Wednesday, 24 February 2010
PLACE Projects and Market Gallery presents a programme of films around the theme of architecture and urban experience, juxtaposing archival footage of Glasgow's evolution, short documentaries, and films by both established and emerging artists to create a poetic meditation on our experiences as urban dwellers against a backdrop of the city lights.
Abroad in Britain: Get High, 2008; 30:00
Jonathan Meades is the author of two collections of journalism and three works of fiction, the most recent of which is The Fowler Family Business. He has written and performed in some fifty television shows, most of them notionally on topographical themes. He has been compared to Rabelais, Swift and a heavily sedated Sir Geoffrey Howe.
Educational Films Scotland
Battle of the styles, 1968; 17:58
Documentary highlighting the work of several eminent Scottish architects, focusing particularly on the tension between the Gothic style and the Renaissance idiom / Classical revival, as experienced in nineteenth century Scotland. Featuring many intriguing Glasgow building which no longer exist.
Monuments, 2008; 07:00
Wirfelt’s 'Monuments’ is a wry and equally pessimistic piece which evaluates the promised hopes of the fictional Metropolis, a portrait of architecture, residential and social space of our lives and the leftovers for ‘progressive’ urban planning which are now not more than test grounds for learner drivers or roads to no where.
Nocturne, 2002; 05:00
Shot in deserted London streets, Richardson’s ‘nightwalker’ film revels a brooding and sinister sense of loss, a nighttime evacuation of the life of the city. Long exposures and static scenes focus the mind and eye to detail, finding transcendence and emotion in the everyday (or night).
Glasgow City Council promotional video
Places or People, 1975; 20:18
The planning and construction of improvements in the housing and industrial landscape of the city of Glasgow.
Wires, 2005; 05:00
Jameson’s animated short Wires sets the monotonous experience of commuting to a score, transforming the mundane into a visual opera…..
Lost Book Found, 1996; 37:00]
Renowned filmmaker Cohen produces films, which cross boundaries between street photography, documentary and experimental genres. Lost Book Found is the result of collected Super-8 and 16mm footage over a period of five years, a mediation on city-life and its unnoticed objects, places and occurrences, the work captures “the subconscious of the city itself, the dream state of the whole past existing in simultaneous disarray."
—Luc Sante, Low Life and Evidence
Wednesday, 9 December 2009
Wednesday, 21 October 2009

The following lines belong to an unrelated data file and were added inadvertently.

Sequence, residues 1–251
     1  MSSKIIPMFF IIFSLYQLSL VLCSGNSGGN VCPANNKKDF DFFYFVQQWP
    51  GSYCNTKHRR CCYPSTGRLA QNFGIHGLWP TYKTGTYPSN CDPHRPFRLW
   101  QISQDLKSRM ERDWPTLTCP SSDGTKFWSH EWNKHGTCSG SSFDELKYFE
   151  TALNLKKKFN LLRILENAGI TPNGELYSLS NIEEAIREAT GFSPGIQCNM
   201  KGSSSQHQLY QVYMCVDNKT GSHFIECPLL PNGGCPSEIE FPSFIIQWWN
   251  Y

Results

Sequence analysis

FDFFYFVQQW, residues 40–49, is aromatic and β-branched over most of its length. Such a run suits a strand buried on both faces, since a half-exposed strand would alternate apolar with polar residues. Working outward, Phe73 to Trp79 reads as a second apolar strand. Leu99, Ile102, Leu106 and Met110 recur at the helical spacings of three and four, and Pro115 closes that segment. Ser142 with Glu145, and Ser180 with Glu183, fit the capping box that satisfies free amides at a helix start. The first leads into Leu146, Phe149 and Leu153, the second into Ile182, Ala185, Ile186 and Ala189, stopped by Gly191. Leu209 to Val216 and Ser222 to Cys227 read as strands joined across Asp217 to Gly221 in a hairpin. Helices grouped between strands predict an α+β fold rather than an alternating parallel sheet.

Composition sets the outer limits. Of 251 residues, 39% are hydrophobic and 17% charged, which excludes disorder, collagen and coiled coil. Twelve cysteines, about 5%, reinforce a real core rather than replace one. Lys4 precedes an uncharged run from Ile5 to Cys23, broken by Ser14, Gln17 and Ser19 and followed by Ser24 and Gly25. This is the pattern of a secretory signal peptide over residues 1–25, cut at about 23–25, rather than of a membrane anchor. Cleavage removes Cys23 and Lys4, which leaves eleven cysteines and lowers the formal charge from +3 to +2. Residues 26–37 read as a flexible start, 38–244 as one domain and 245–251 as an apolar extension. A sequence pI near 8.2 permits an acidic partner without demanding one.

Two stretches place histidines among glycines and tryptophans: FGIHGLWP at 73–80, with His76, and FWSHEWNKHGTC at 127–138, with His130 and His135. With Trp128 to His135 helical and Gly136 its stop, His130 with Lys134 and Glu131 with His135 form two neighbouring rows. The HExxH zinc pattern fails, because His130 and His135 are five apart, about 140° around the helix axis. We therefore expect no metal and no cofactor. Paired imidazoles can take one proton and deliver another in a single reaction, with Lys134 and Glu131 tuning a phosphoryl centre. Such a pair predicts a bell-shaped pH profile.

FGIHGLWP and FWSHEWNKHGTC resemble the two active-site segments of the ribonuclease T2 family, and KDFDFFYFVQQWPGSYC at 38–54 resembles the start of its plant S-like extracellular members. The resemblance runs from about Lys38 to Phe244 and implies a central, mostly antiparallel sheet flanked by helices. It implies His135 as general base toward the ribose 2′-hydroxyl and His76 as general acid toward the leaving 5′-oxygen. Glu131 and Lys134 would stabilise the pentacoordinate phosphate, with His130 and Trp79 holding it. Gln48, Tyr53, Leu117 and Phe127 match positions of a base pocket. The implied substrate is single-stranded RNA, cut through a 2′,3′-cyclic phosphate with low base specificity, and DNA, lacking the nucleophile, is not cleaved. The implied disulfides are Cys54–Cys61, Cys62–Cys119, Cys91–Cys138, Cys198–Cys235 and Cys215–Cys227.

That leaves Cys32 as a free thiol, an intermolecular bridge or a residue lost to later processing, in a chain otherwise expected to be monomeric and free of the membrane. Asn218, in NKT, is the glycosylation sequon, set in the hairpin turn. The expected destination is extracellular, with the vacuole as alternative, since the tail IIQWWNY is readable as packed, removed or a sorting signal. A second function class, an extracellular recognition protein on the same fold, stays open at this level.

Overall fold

Wednesday, 7 October 2009
We wanted to give you a bit more information about our process....
The selection process for the artists we wanted to be involved in the Guest Room project wasn’t difficult: we know lots of great artists, we go and see shows by emerging artists all the time and often like what we see. So we looked at shows, plenty of shows, and saw no end of good work. So after lakes of coffee and complex negotiations between the three of us we arrived at a small short list of people whose work interested us and who we hoped might like to be involved. Easy? Sort of…
Actually, it wasn’t really easy at all: if it had simply been a matter of exhibition then it would have been simple, however this was about initiating a collaborative process between individuals who had not worked together before and, as such, was much more about the intricate alchemy of personalities and working practices than it was about comparatively straightforward conceptual and aesthetic concerns.
In addition, in inviting the shortlisted artists to talk to us, we happened upon certain fundamental questions about our own roles within the project: we agreed that we didn’t want to set ourselves up as arbiters of taste, and felt that our roles in the emergent process were much more heavily weighted towards the facilitatory rather than the curatorial.
By the same token then, in putting the emphasis in this undertaking towards the idea that we would invite people to take part based on trying to set up pairings of artists who would work well together and get the most out of the experience, we were also wary that it sounded like we were either conducting a popularity contest or sinister Big Brotheresque social experiment.
This was an uncomfortable part of the project for us. A key part of our motivation to start Place Projects was our own experiences as recent graduates. Art school is an immersive experience; it is an encouraging space that allows the individual to make mistakes and take risks in a supportive environment, graduating into the competitive outside world with a head full of questions can feel like being thrown off a cliff. We wanted to be a trampoline at the bottom if that isn’t too idiosyncratic a way of describing what we’d like to do in our more earnest moments.
So, all that being the case, there was real discomfort to us in talking to people we hoped might be involved about the project in a way that allowed them to recognise that even if we didn’t invite them to participate in the end, this was not to be taken as rejection.
The art world is not always at ease with sincerity and earnestness, and arguably the sooner after graduation you get tough and equip yourself to deal with rejection effectively the better, but there has to a be a happy medium, we feel. Especially as we were not entering into this process to pass judgement on the work of others, only to try a set up a rewarding experience for both ourselves and the artists.
This part of the process really opened our eyes to how much there is for us to learn from this project and how we may formulate and implement more effective strategies in the future.
When we applied to be part of New Work Scotland at the Collective Gallery, we wanted to embed those long held ideas at the very centre of the project we were proposing.
We were delighted to be selected but immediately had a healthy sense of trepidation about how the project could possibly work and there seemed to be an endless number of frighteningly shifting variables involved in what we had set out to do.